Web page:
Digging the No Dig

No Dig garden bed at Ceres, on 1 September 2017 (left) and 13 October 2017 (right). See case study below for details.
Growing vegies with increasing summer heat and less rain doesn’t need to be a battle, writes Carmel Killin. A solution can be found in the water-retaining and humus-rich layers of a No Dig bed.

When it comes to growing edibles in the backyard or on the balcony, our main concern in these days of climate challenges is often around water-wise gardening techniques: how to combat the increasing summer heat and the lack of rain. It doesn’t need to be a battle though. No Dig gardens are sometimes referred to as lazy gardening because once you’ve created one there’s really not much maintenance required for them to thrive. And that includes watering.

Adopted by the permaculture movement in the 70s, the No Dig garden concept comes from a natural farming technique developed in Japan in the late 1930s through the pioneering research of Massabou Fukuaka. Rather than tilling the ground the conventional way, the growing space is created by building up layers of organic materials in a manner that mimics nature itself. Think of it as nature’s giant vegie lasagne.

The key ingredients for this lasagne garden bed are compost, manure and carbon matter, like lucerne or pea straw, plus plenty of watering between each layer. The idea is to build high and let it decompose naturally to create a rich, moist humus, the optimal growing medium. Watering well for each layer in the initial construction of the bed is crucial to its effectiveness and ability to hold water over time.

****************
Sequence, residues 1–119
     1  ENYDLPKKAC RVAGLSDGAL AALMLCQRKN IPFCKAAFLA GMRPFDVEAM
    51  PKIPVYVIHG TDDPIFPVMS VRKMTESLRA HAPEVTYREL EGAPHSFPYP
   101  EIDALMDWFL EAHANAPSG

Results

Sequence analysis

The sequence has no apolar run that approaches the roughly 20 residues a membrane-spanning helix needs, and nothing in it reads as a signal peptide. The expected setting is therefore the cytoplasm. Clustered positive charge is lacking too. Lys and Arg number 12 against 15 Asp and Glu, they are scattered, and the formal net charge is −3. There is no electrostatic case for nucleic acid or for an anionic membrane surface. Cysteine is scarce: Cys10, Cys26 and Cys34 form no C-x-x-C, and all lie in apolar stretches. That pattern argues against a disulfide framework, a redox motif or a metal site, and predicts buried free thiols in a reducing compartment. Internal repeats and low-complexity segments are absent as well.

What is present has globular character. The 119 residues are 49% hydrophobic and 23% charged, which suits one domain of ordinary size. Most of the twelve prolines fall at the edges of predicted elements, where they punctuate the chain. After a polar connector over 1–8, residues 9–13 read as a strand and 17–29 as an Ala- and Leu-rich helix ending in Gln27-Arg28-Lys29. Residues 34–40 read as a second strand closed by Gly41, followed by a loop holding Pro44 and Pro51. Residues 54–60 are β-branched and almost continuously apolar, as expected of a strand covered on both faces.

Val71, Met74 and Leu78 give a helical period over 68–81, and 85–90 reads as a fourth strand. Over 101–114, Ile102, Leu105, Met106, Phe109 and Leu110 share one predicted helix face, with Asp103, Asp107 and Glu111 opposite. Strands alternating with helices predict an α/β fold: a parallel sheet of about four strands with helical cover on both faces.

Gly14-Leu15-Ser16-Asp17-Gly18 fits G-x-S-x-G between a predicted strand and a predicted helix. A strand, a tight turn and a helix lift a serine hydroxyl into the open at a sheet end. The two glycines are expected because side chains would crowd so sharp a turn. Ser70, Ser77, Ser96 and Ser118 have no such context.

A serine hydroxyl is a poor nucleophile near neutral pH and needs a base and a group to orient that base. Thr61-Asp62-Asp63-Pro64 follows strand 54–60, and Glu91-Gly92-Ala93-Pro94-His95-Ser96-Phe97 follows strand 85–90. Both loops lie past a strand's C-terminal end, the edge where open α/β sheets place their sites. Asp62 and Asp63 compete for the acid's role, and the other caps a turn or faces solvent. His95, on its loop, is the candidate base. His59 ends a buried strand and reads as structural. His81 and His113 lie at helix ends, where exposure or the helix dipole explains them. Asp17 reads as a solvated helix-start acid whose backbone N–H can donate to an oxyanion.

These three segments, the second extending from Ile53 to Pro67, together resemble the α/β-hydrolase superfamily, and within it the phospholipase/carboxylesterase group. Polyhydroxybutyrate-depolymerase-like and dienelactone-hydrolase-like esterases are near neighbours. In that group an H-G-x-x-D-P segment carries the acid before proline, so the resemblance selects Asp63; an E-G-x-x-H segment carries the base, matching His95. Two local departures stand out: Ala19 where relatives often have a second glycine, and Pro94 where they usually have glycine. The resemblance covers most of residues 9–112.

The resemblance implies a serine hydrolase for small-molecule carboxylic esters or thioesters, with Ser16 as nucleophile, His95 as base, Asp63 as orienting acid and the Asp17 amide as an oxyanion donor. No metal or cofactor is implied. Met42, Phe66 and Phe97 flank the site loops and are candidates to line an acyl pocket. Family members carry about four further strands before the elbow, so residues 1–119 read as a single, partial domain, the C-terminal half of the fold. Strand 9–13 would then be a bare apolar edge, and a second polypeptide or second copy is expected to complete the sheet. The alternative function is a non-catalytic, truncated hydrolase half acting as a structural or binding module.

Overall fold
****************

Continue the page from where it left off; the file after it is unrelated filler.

There are many things to love about this form of garden bed. It’s quick and easy to build, it improves the soil over time, it saves water, it allows worms and roots to do the work of aerating the soil and it eliminates the need for herbicides. If you have a home composting system or backyard chickens, you can use the organic waste from these as your compost and manure layers and thus save money.

The No Dig is great for a ground plot or raised garden beds, but is adaptable to virtually any situation, including building one directly over a concrete slab. The outstanding feature of this natural layering technique is the quality of the soil that it creates—friable, sweet-smelling, nutrient-dense humus that means a farewell to the frequent waterings normally required over a string of hot, rainless days in summer.

The downsides? If you’re not making your own compost and don’t have access to chicken poo, the initial costs of setting up a No Dig bed can be a bit steep. However, if you’re after a no-fuss, water-efficient garden, then this beats all the other smart gardening concepts, including the wicking bed.

You’ll find many different recipes for a No Dig garden. The only one I’ve ever used was taught to me by Melbourne gardening guru Justin Calverley who is a passionate advocate for these types of gardens. (You’ll find his recipe below.)

According to Justin, how much you need to water one over summer depends on the recipe, orientation and species of plant. “I have found that with my recipe, tomatoes that have a north-facing orientation only need one watering per month after planting,” he says. Your tomato plants may look a little straggly towards the end of the season but it’s the minimal water that intensifies the flavour, and who doesn’t want that?

My final tip for success is to keep your bed shaded from the western sun, it can be a real killer in a Melbourne summer. I hope you enjoy experimenting with this very rewarding layering technique that is the No Dig garden.

Ingredients for a plot 2 m long x 1 m wide x 0.5 m high

  • Suppression layer on soil: one large cardboard box/old cotton bed sheets/20 newspapers